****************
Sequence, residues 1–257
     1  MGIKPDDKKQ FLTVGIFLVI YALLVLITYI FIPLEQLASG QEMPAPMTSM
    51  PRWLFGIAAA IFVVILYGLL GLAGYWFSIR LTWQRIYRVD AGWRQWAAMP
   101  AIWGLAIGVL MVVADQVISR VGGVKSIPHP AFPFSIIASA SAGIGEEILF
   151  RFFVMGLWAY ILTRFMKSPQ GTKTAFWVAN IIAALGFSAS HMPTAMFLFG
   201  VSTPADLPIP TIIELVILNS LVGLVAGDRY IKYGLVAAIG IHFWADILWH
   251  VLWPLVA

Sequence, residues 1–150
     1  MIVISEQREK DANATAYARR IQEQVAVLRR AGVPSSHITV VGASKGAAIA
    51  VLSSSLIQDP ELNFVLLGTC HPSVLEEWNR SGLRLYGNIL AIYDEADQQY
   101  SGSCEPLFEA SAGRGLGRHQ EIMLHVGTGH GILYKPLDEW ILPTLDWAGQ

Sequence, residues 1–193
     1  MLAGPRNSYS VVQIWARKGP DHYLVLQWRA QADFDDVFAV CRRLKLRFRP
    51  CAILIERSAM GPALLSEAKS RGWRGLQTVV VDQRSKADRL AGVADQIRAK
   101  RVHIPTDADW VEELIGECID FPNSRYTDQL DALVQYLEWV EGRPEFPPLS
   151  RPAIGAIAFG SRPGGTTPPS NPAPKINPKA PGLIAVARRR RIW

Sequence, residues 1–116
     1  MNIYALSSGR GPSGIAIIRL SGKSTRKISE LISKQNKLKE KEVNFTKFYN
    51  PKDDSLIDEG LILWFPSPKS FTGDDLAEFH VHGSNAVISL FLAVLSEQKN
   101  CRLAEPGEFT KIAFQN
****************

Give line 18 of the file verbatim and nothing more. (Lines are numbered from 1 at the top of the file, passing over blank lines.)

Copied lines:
     1  MNIYALSSGR GPSGIAIIRL SGKSTRKISE LISKQNKLKE KEVNFTKFYN